(Doc. 1, at 1). For relief, Carter seeks the appointment of
counsel "to assist him in being resentenced."
(Id. at 8).
to the legality of federal convictions or sentences that are
allegedly in violation of the Constitution may generally be
brought only in the district of sentencing pursuant to 28
U.S.C. § 2255. Okereke v. United States, 307
F.3d 117 (3d Cir. 2002) (citing Davis v. United
States, 417 U.S. 333, 342 (1974)); see In re
Dorsainvil, 119 F.3d 245 (3d Cir. 1997). Once relief is
sought via section 2255, an individual is prohibited from
filing a second or subsequent 2255 petition unless the
request for relief is based on "newly discovered
evidence" or a "new rule of constitutional
law." 28 U.S.C. § 2255(h); 28 U.S.C. §
of a petition filed pursuant to 28 U.S.C. § 2241 is
limited to circumstances where the remedy available under
section 2255 is inadequate or ineffective to test the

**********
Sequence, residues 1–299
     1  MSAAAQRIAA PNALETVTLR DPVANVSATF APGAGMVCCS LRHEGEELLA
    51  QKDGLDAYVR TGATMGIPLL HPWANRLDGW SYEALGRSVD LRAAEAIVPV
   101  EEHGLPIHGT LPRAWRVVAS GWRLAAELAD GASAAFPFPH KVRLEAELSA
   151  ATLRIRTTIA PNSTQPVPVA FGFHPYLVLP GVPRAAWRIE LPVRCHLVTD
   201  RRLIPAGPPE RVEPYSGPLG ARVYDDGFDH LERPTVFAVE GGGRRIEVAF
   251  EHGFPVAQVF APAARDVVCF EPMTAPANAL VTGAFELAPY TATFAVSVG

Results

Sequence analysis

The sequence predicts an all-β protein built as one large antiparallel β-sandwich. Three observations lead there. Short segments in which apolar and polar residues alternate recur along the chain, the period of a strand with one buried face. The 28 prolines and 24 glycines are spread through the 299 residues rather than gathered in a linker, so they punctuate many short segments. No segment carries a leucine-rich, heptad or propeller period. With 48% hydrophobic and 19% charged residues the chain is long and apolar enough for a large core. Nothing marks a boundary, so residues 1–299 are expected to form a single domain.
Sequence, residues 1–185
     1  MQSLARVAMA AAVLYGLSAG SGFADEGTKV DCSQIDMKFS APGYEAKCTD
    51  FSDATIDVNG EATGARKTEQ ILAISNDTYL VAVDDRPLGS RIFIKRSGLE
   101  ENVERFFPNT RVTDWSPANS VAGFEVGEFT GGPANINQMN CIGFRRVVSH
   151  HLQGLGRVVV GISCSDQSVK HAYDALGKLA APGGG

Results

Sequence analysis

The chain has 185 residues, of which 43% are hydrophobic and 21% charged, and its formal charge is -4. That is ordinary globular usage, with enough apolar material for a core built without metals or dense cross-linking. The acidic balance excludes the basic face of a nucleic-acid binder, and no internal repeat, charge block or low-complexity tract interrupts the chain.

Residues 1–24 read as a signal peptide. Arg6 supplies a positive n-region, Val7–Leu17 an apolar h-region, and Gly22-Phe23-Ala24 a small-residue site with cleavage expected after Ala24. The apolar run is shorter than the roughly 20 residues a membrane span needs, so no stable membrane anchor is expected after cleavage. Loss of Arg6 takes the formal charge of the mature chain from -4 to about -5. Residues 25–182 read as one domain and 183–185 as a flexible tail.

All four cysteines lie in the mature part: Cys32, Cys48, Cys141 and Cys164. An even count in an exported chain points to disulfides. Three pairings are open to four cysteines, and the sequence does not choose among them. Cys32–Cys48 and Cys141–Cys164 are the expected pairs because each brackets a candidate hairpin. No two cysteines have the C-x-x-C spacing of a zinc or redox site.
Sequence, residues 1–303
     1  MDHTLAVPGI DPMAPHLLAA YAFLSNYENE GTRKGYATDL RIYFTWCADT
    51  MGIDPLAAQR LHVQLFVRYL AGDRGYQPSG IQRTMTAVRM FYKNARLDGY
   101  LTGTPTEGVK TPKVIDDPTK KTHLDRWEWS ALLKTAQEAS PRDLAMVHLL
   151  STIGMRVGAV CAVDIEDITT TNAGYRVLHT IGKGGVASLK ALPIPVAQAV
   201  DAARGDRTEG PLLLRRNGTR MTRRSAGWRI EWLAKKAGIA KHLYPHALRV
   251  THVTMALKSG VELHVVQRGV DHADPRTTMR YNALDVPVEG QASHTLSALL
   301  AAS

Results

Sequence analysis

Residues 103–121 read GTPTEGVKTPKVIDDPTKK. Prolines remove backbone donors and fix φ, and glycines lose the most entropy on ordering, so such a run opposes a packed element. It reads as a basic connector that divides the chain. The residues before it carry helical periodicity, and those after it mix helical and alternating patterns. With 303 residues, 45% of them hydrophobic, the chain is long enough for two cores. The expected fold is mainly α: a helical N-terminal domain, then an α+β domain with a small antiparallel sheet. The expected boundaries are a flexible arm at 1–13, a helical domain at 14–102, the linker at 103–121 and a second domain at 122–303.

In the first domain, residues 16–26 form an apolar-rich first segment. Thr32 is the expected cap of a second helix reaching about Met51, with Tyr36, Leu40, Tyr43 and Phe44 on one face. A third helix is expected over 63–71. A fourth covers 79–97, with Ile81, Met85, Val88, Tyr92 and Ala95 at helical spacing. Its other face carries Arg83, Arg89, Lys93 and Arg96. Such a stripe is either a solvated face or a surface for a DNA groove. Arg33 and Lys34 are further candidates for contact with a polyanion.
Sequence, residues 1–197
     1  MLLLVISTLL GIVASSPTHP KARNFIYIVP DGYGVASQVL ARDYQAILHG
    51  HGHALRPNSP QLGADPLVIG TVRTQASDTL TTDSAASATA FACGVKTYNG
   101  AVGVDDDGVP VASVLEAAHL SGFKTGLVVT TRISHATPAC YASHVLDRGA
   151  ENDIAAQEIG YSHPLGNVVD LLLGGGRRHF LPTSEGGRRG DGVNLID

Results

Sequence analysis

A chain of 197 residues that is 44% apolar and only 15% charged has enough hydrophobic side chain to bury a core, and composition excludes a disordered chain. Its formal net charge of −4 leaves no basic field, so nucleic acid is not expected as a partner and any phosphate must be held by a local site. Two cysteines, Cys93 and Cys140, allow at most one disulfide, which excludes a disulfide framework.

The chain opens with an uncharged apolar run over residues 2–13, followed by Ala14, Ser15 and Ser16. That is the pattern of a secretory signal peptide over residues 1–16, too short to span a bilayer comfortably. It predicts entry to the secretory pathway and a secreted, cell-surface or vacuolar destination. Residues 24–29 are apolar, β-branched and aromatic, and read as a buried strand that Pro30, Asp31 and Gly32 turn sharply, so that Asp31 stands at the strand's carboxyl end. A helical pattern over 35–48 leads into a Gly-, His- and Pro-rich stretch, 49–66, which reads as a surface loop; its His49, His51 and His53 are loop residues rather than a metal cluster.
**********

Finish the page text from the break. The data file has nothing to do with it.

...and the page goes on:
legality of detention. See 28 U.S.C. § 2255(e);
OKereke, 307 F.3d at 120 (explaining that this
exception is extremely narrow). Section 2255 may be
inadequate or ineffective when a federal prisoner is in an
unusual position of having no earlier opportunity to
challenge his conviction or where he "is being detained
for conduct that has subsequently been rendered noncriminal
by an intervening Supreme Court decision."
Dorsainvil, 119 F.3d at 251-52. Conversely,
"[s]ection 2255 is not inadequate or ineffective merely
because the sentencing court does not grant relief, the
one-year statute of limitations has expired, or the
petitioner is unable to meet the stringent gatekeeping
requirements of the amended § 2255." Cradle v.
United States, 290 F.3d 536, 539 (3d Cir. 2002)
(citations omitted); see also United States v.
Brooks, 230 F.3d 643, 647 (3d Cir. 2000);
Dorsainvil, 119 F.3d at 251. "If a prisoner
attempts to challenge his conviction or sentence under 28
U.S.C. § 2241, the habeas petition must be dismissed for
lack of jurisdiction." Id., citing
Application of Galante, 437 F.2d 1164, 1165 (3d Cir.
1971) ("Section 2255 has made the sentencing court the
exclusive forum for challenge to the validity of a conviction